(note the Spielvogel/Verizon ref in the bio).

  7. $ said:

    I’d bet old Carl Spielvogel has no idea who you are and that whatever dealings you have with his organization, they are with someone well below Carl’s pay-grade and authority.

    Beginning your response with a statement akin to the Faux News Organization – oh wait – you work for said fake news organization.

    $ said:

    Funny how you, in one breath, claim to have nothing good to say about Bush and Company, yet you rush to drop Carl’s name here as some kind of proof you have “connections”.

    Don’t you want to also reference Carl’s past ambassadorship under the first President Bush as well?

    ROFLMAO – you stepped into that one.

    Wait for it – wait for it!!!

    Michael said:

    And I thought you were a journalist.

    Yup – you REALLY stepped into that one – so much for those journalistic credentials you like to banter about.

    In the immortal words of Monty Python and The Holy Grail:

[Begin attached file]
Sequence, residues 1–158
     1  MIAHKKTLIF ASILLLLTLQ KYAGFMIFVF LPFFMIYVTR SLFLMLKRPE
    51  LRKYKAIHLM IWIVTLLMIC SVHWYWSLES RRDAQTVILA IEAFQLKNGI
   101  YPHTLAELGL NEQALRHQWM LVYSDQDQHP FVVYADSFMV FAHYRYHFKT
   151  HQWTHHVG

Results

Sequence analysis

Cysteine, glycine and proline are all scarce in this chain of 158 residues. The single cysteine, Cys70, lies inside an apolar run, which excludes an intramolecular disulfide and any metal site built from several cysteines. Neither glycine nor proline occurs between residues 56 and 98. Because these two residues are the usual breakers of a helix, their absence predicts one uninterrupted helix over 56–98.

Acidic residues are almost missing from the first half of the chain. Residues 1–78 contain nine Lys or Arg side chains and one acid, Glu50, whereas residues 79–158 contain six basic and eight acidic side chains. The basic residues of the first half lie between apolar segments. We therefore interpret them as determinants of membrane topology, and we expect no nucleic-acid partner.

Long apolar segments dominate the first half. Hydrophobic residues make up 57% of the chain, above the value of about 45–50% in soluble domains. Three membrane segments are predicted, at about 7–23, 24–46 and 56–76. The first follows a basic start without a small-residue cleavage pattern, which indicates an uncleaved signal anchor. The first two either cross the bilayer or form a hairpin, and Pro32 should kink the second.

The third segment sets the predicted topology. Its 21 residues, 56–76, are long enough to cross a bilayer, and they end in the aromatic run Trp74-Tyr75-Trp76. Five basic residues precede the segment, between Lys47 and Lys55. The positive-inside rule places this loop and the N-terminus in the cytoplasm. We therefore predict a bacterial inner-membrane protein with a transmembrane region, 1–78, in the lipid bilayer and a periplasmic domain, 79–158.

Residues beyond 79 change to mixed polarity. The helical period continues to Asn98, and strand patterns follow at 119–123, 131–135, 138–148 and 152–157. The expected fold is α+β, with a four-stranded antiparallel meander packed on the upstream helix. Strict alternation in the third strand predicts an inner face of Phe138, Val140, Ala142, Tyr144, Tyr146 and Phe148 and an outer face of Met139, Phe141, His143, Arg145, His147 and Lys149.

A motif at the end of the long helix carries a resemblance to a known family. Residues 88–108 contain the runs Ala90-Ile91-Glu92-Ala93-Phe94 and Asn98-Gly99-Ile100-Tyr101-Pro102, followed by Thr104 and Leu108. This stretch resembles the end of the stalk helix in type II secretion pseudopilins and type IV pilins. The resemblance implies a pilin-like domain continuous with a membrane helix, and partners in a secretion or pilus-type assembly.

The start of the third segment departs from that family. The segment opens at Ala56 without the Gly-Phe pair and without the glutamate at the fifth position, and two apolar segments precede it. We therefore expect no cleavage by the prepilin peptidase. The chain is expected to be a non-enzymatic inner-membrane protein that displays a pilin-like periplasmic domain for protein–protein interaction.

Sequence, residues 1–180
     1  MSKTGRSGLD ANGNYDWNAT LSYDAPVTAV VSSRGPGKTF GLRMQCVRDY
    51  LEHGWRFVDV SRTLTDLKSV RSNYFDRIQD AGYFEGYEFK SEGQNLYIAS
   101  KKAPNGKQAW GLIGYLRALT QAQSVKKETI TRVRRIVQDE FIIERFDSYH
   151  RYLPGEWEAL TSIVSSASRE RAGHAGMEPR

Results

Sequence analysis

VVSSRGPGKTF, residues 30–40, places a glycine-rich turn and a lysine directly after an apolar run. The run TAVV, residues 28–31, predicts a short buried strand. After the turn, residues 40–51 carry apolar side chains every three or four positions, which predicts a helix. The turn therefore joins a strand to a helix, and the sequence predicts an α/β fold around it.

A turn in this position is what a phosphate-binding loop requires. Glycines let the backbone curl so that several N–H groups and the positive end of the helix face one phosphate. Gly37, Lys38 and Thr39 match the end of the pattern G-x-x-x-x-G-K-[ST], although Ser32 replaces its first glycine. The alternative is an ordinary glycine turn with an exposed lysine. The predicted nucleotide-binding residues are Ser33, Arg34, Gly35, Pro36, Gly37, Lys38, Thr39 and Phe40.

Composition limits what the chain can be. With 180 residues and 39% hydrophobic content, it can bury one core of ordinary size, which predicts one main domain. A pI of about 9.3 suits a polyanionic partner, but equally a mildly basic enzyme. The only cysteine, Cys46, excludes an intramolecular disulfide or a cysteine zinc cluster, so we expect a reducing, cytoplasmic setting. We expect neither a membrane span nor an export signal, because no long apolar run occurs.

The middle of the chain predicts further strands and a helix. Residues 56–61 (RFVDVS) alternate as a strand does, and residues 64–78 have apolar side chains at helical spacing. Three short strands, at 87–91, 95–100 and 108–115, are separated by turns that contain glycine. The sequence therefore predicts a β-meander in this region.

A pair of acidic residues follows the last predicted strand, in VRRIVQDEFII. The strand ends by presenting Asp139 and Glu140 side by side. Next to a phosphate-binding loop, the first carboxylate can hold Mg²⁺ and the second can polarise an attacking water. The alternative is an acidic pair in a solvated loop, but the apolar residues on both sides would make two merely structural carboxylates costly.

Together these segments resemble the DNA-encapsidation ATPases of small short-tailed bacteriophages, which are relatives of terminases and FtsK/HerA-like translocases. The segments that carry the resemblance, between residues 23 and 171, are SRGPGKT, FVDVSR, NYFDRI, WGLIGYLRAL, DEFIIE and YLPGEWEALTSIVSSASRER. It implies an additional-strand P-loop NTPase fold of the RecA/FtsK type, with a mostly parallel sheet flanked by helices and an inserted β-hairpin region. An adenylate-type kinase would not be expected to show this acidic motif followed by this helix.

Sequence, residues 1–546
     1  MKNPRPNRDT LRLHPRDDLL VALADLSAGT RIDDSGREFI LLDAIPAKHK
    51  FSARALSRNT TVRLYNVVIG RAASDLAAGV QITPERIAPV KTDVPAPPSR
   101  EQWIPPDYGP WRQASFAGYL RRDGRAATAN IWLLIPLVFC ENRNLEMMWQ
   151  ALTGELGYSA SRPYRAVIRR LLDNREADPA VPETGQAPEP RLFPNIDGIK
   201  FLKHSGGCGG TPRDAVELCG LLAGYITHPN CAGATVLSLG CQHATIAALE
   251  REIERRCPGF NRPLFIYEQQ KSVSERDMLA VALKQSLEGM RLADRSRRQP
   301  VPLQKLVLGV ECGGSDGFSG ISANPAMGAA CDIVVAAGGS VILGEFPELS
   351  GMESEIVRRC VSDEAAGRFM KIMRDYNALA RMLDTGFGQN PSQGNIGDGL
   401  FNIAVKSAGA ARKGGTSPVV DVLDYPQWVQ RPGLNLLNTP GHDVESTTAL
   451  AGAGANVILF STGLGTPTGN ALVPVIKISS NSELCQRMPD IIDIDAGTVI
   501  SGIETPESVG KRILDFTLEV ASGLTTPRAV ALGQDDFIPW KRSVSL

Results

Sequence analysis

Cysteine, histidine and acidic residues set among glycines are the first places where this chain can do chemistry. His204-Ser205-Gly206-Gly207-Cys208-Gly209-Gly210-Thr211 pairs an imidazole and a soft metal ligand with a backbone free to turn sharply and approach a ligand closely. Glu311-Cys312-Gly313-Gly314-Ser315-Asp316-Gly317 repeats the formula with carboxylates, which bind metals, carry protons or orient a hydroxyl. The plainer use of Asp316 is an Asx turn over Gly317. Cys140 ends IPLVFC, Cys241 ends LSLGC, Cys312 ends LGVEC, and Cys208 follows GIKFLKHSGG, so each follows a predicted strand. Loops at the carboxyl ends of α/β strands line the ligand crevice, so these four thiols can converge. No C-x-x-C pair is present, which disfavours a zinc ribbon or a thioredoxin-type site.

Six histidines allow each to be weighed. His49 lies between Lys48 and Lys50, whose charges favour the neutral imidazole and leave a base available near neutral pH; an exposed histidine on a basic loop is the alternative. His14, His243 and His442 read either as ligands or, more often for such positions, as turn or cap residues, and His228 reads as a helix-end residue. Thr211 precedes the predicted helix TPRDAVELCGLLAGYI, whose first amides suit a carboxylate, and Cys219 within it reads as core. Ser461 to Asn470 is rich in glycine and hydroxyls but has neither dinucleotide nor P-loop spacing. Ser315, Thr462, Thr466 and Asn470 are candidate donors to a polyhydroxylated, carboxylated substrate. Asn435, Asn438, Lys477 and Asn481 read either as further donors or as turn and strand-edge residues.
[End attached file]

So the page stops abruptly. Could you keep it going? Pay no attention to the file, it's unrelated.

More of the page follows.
“Now Go Away or I Will Taunt You a Second Time.”

  8. Michael,
    Good luck with the new venture. Here’s an enhancement – if the VJ’s retain ownership of the spots they produce, they can get additional licensing fees from the advertiser to run the ad on other broadcast outlets. Once the advertiser has a commercial they might want to run it where they can get the most reach.

  9. Still waiting for a VJ paycheck for you as well Cliff.

    Maybe some day someone will pay you to do what you claim to have the ability to do, but can’t.

  10. I should add, I made a mistake about the administration he served under as an ambassador.

    I apologize for the error.